Like me, I’m sure you’ve been subjected to tests designed to find out what profession you should pursue. Whether termed professional aptitude tests or primary occupational interests tests, I have long been skeptical of the value of the results these tests offer up. A study in the Journal of Vocational Behavior seems to indicate that I have been right to be skeptical. The study found that a sizeable minority are in jobs that don’t fit our primary occupational interests.
Over the years, my studies have inspired a number of posts here on the blog, and for good reason. Learning has been a significant inspiration for me on a number of areas. Sharing what I have learned and how that has affected my thinking on a number of areas has been a useful part of the studies.
I have, for some time now, been reading up on DevOps. One thing that, for some reason, keeps coming up, is that people seem to think that there is a fundamental incompatibility between DevOps and ITIL. The more I read, however, the more it becomes clear that there is no disparity at all between them. If you have been following my blog for a while, it should be fairly obvious that I have drunk the ITIL Kool-aid. Simply put, I think any operations shop that is not implementing ITIL is doing it wrong.
Since I started really reading up on DevOps, I wanted to see what the job market for DevOps was like. The results were less than exciting. Though the search term DevOps returned a fair number of results, none of the listings demonstrated an understanding of what DevOps is. What they demonstrated was the fact that DevOps is a term in vogue, one which generates buzz and interest.
When performing a task, one will often be in the position to choose either doing something quickly, or doing something right. In many cases, either example is fine, as the job gets done satisfactorily. Still, I believe that you are better off with doing it right each and every time. Now, before you think I am preaching about my own level of perfection, know that this is not the case, and that I fail to do this more often than I would like to admit. This is not an admonishment; it is a level to which I aspire.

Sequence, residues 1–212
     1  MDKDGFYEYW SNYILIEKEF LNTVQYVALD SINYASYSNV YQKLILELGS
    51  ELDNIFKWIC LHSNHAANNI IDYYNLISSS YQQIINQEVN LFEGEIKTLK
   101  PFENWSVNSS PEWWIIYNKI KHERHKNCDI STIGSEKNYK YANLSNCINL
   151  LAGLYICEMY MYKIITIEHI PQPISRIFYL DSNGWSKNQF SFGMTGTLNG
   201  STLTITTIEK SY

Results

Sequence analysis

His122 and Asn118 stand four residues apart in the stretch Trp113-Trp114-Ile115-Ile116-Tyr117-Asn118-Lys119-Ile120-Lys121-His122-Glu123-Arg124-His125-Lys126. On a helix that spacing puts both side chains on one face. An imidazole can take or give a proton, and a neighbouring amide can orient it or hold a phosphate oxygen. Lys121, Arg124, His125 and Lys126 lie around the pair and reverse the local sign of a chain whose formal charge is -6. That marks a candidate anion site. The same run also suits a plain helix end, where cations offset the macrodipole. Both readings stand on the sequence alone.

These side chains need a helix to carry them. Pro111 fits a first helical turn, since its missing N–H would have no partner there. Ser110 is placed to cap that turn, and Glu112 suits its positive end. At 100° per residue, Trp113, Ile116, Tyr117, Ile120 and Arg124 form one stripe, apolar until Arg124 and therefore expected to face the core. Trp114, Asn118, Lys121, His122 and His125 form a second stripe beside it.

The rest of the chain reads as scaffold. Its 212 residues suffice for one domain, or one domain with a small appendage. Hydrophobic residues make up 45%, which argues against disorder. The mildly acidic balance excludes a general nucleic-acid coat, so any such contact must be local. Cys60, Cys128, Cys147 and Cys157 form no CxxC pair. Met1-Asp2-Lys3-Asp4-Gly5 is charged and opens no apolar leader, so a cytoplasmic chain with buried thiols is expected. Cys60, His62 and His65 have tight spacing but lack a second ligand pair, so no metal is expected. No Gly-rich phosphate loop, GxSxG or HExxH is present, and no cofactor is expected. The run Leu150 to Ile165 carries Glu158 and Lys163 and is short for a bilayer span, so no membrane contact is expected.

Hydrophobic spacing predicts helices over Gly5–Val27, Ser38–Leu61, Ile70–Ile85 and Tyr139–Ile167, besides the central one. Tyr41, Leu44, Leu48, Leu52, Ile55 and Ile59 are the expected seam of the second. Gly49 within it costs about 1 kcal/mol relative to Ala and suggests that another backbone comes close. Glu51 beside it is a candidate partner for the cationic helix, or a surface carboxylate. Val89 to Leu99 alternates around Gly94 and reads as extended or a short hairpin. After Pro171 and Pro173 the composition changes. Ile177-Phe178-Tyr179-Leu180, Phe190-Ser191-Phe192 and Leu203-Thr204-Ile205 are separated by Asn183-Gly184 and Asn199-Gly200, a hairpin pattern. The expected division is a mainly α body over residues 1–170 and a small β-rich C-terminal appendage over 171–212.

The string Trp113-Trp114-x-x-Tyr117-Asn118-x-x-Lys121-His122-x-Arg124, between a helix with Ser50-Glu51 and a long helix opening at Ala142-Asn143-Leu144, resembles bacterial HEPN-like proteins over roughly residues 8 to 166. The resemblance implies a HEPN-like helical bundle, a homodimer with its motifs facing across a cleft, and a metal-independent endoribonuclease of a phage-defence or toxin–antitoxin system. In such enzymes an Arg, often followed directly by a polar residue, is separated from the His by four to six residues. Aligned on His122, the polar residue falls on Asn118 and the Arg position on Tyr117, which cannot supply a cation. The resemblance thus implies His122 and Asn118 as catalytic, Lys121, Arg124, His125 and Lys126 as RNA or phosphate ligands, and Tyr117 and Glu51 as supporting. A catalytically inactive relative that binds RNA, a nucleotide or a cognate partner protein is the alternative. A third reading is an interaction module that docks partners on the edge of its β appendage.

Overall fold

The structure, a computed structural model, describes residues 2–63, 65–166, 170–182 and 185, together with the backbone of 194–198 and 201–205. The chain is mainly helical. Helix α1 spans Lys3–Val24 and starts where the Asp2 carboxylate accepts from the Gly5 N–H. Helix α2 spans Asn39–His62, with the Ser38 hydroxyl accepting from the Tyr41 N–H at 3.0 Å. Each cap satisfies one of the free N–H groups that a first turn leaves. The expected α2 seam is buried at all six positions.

The first time I worked IT support in a professional setting, I was seventeen years old. I had gotten an internship (one day per week) with my uncle’s firm as part of my third year of vocational training, and spent a day per week with them. In the beginning, I was mostly hanging out with the IT staff, not really providing much of any use to anyone.
Trying to predict the future is a mug’s game. But increasingly it’s a game we all have to play because the world is changing so fast and we need to have some sort of idea of what the future’s actually going to be like because we are going to have to live there, probably next week.
Back in 2016, I backed a kickstarter for a handheld three-axis gimbal for cellphones, to be delivered in 2017. I was eagerly anticipating the product, and was disappointed when delivery was delayed repeatedly. A year after the projected delivery date, and with features being cut by the manufacturer, I finally gave in and requested a refund from them. To my surprise, they acquiesced, and I went out to buy a different unit; the DJI Osmo Mobile 2. Here are my thoughts: